• Females: Healthy Life Expectancy Source: World Health Organisation Australian women (est. 73.2y) are also ranked number 3
    • You are a student in Public Health, and study within a medical school How does the science of PUBLIC HEALTH save lives?
    • Case study: Control of Sepsis One of the first times epidemiology was used to improve the practice of medicine
      • Sepsis is a severe illness caused by overwhelming infection of the bloodstream by toxin-producing bacteria.
      • It is caused by bacterial infection that can originate anywhere in the body. Common sites include:
        • The kidneys, liver or the gall bladder
        • The bowel, lungs, skin
    • Sepsis: external signs
    • Triptych of a European hospital in the 16 th Century
    • “ Childbed fever”
      • Hospitals that took women in labour opened throughout Europe in the 17 th Century
      • There were many recorded outbreaks of puerperal fever, leading to many deaths
      • The death rate for women who gave birth in hospital was up to 20% ( that is, about one in every five women never made it home )
      • Compares to the recent maternal death rate in Australia of 0.0082% , 2004, Medical Journal of Australia
    • How was it prevented?
      • The cause was unknown, but by the late 1700s some doctors suspected that contagion was the cause , as opposed to “bad air”, hysteria (the women’s disturbed state of mind) or mechanical pressure on the uterus.
      • For many years, the contagion theory was rejected by most doctors.
    • Dr Oliver Wendell Holmes, American physician Investigated sepsis after a doctor and a med student died of blood poisoning after performing an autospy on a dead mother. In 1842, he proposed rigorous hand-washing after each medical procedure to prevent contagion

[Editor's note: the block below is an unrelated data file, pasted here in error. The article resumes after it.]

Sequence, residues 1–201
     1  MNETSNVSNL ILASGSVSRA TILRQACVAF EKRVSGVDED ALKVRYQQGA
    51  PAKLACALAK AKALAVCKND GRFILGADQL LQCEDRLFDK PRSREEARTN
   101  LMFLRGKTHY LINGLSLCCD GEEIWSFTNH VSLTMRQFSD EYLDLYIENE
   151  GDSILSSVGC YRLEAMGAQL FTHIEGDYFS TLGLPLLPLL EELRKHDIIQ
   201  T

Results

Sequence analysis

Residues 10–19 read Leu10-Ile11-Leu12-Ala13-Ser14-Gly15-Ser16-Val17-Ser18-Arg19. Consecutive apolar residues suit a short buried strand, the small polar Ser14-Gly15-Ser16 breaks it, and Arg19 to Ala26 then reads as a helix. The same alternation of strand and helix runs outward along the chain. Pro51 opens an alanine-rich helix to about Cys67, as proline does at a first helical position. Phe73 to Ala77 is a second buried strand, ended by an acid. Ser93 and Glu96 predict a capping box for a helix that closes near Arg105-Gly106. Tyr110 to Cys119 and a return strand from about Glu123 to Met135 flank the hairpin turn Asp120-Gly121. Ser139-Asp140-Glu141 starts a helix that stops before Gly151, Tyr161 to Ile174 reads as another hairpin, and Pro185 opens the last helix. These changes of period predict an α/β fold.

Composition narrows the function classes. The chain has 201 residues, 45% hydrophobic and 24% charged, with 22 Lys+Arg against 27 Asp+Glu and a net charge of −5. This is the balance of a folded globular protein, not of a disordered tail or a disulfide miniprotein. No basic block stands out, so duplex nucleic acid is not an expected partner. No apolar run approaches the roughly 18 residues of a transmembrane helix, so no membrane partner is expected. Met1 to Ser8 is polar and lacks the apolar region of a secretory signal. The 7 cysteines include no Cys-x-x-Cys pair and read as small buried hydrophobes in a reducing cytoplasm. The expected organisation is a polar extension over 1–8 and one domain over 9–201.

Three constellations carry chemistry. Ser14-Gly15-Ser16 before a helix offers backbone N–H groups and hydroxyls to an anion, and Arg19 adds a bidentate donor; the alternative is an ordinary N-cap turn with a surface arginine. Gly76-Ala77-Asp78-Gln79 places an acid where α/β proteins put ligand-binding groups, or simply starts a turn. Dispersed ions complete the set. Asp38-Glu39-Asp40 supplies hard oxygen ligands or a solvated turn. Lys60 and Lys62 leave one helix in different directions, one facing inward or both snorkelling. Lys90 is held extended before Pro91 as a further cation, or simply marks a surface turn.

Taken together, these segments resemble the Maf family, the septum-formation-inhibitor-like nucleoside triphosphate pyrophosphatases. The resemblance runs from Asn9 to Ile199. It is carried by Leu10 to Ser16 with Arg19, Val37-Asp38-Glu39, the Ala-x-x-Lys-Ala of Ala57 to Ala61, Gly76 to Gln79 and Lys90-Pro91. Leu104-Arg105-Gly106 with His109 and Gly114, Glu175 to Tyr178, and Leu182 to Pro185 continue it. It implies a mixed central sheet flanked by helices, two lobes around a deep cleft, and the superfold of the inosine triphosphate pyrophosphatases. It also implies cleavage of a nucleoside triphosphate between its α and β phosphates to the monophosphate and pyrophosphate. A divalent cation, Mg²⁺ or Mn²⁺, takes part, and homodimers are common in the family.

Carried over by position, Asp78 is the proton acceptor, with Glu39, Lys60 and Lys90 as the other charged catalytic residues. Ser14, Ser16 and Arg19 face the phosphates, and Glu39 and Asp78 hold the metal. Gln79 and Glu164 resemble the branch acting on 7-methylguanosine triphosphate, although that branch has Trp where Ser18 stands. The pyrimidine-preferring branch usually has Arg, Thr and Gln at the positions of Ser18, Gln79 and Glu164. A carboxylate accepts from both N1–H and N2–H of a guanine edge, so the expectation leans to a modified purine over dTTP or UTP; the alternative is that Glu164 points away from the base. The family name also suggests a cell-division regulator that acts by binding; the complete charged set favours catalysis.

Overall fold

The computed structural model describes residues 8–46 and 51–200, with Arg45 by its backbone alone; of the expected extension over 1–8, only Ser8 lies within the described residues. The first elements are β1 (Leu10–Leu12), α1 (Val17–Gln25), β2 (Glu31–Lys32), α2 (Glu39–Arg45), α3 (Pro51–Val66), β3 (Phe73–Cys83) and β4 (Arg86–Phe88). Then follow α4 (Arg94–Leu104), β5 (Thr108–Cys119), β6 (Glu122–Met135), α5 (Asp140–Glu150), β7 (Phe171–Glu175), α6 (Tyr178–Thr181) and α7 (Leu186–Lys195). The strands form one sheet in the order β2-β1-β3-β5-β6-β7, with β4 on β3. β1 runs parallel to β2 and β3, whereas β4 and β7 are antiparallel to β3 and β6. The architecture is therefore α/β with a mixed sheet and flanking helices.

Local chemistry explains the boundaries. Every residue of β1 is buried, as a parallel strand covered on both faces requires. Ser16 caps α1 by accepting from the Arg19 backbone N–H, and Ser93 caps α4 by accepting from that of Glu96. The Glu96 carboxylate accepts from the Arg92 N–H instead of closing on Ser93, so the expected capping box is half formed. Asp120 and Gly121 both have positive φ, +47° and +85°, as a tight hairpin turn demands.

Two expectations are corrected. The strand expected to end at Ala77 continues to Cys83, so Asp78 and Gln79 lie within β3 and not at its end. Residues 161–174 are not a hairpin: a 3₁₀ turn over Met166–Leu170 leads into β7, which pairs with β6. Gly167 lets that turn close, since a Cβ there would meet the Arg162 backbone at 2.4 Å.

• The idea that the infection was acquired in hospital, and transmitted by doctors was ridiculed by some, including an obstetrician Charles Meigs, who said: “ Doctors are gentlemen, and gentlemen’s hands are clean” Source: De Costa, 2002. Medical Journal of Australia
    • Meanwhile, in Austria, a Hungarian doctor Ignaz Semmelweis , devoted many years to prove a link between hospital hygiene and sepsis deaths
    • Semmelweis and the control of maternal sepsis My doctrine is produced in order to banish the terror from lying-in hospitals, to preserve the wife to the husband, and the mother to the child... Ignaz Semmelweis, 1861
    • Mortality rate of mothers who delivered in Vienna hospital, 1841-3
      • Obstetric division: 16% died
      • Midwifery division: 2% died
      • Deaths were rare among women who delivered prior to arriving in hospital
    • Semmelweis conducted the first epidemiological study of sepsis
      • Found death rate of women treated by doctors was best explained by the fact they also had performed autopsies the same day
      • Midwives did not perform autopsies and had a tradition of better hygiene